"Lorenzen did a great job," Riggleman said. "Mike really saved the bullpen for us. Our three right-handed relievers who normally pitch tired with a lead late in the ballgame all came in and saved our left-hander part of the bullpen. None of our left-handers had to get in that game."

Video: CLE@CIN: Iglesias strikes out the side in the 9th

YOU GOTTA SEE THIS
Hamilton makes tough running catch

Billy Hamilton covers more ground than most outfielders in baseball and put it on display again when he tracked down a fly ball in the gap hit by Lindor. The play was a 4-star catch per Statcast™. He had to cover 92 feet in 4.9 seconds to convert a 47 percent catch probability. The grab was his MLB-leading 14th catch of 4 or 5 stars (0-50 percent catch probability).

Video: CLE@CIN: Hamilton robs Lindor and celebrates in style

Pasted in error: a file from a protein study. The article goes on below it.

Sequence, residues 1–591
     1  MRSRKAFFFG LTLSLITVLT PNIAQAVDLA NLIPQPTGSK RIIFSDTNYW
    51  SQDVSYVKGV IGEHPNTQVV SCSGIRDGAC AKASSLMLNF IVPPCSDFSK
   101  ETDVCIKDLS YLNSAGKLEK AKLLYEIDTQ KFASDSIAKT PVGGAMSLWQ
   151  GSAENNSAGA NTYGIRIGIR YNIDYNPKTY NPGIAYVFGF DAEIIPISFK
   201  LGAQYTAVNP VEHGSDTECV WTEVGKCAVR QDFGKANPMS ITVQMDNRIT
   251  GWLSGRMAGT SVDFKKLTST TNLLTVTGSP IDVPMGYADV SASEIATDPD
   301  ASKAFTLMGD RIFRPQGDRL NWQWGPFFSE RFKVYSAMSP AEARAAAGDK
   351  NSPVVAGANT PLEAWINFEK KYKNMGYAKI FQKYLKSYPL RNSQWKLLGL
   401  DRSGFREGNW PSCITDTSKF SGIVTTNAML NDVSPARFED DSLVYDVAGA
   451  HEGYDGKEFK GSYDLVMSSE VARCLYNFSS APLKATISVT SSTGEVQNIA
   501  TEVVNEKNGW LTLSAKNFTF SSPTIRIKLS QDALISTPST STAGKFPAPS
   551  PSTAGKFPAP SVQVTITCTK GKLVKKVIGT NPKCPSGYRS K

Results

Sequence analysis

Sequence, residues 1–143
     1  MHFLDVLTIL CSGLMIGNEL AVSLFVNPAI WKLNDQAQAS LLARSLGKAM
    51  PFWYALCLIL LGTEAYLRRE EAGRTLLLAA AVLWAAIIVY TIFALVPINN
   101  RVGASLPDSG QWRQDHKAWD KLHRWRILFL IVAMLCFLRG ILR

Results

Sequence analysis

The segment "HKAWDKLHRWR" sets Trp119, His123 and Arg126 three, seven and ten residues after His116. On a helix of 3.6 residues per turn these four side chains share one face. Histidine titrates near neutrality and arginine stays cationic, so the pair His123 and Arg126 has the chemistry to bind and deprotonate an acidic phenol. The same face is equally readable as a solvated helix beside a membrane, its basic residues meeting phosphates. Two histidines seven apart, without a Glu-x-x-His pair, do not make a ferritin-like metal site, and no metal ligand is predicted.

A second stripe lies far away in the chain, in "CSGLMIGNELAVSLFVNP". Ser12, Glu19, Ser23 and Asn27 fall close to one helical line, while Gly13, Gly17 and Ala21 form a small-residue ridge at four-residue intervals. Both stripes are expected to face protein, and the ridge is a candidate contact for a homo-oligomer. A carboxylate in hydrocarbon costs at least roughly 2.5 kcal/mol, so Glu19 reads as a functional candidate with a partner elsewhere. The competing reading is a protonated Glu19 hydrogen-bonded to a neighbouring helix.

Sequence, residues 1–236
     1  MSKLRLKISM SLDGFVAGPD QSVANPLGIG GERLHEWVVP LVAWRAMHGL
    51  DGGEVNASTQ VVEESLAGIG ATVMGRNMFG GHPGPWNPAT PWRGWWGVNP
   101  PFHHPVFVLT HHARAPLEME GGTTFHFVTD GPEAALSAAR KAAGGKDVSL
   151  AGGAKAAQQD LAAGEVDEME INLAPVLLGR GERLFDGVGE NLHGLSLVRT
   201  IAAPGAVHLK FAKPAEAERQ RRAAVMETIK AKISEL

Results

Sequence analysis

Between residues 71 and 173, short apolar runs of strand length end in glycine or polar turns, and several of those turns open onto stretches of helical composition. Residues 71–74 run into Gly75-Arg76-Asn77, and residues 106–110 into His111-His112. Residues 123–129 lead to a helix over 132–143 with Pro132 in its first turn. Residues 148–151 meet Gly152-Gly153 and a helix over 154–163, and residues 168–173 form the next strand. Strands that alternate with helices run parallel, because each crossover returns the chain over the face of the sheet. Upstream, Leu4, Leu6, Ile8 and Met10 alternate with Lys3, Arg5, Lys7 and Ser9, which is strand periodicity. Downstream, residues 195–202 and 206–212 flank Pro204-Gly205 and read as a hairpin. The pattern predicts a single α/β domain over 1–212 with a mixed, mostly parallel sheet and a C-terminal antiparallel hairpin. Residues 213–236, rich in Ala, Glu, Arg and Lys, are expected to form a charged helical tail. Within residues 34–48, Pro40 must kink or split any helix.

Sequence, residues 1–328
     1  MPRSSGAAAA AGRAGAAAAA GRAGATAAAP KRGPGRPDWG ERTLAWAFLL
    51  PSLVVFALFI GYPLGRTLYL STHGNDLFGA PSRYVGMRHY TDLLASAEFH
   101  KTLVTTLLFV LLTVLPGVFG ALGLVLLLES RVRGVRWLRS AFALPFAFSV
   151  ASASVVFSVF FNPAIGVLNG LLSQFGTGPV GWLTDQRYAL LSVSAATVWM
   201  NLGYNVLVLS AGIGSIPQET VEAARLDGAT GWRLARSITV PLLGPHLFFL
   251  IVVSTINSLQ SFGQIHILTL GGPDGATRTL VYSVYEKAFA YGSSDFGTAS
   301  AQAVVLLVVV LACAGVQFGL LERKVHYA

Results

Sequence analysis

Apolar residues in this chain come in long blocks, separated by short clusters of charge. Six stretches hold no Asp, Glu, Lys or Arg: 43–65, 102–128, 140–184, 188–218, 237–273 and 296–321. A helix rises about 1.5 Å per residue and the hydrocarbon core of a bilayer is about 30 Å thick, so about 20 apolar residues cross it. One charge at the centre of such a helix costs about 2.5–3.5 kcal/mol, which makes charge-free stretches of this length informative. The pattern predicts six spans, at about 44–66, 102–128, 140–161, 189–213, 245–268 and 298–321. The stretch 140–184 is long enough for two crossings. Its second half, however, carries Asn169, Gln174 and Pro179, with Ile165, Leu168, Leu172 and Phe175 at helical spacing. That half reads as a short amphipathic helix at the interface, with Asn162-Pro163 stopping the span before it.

UP NEXT
The Reds finish out this three game series with Cleveland on Wednesday at 7:10 p.m. ET with Robert Stephenson on the mound. Stephenson was called up from Triple-A Louisville last week to make a start against the Mets in his first appearance with the Reds this season. The right-hander struggled with command and gave up three runs on three hits with five walks and four strikeouts in four innings and suffered a loss. Shane Bieber will be on the mound for the Indians. He is 6-2 with a 4.24 ERA on the season.

Brian Scott Rippee is a reporter for MLB.com based in Cincinnati.

Cincinnati Reds, Michael Lorenzen, Sal Romano

Reds' best August trade involved legend

MLB.com

While the July 31 non-waiver Trade Deadline rightfully garners the lion's share of attention when it comes to each year's trade season, there have been numerous deals struck during the month of August that have been impactful down the stretch and in subsequent years. Here's a look at the best August trade each team has ever made:

ANGELS
Acquired: LF Justin Upton from DET
Gave up: RHP Grayson Long and a player to be named or cash
Date: Aug. 31, 2017